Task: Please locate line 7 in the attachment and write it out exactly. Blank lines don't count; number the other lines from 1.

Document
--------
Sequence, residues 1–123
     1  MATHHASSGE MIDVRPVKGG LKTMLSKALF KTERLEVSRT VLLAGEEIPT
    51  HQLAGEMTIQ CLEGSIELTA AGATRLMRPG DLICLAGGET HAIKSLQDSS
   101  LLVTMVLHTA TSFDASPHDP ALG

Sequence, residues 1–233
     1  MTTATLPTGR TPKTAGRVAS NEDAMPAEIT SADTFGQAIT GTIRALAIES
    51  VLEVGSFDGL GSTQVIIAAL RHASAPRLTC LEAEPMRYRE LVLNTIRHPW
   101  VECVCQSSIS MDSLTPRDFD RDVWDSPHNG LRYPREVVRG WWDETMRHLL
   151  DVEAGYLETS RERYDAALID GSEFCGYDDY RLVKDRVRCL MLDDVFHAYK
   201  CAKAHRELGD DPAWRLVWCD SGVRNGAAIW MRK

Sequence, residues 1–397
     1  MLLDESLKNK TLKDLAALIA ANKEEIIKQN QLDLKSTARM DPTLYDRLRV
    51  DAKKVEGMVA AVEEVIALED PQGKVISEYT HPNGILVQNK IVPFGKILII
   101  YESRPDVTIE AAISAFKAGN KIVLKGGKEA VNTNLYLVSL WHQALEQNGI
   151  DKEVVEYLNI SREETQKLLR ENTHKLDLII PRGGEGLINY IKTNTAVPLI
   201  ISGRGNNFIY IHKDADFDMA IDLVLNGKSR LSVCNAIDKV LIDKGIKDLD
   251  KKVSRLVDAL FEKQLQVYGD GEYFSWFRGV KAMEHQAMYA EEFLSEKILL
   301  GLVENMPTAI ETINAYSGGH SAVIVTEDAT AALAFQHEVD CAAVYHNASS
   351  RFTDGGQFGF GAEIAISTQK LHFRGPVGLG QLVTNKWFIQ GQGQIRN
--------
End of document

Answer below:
    51  VLEVGSFDGL GSTQVIIAAL RHASAPRLTC LEAEPMRYRE LVLNTIRHPW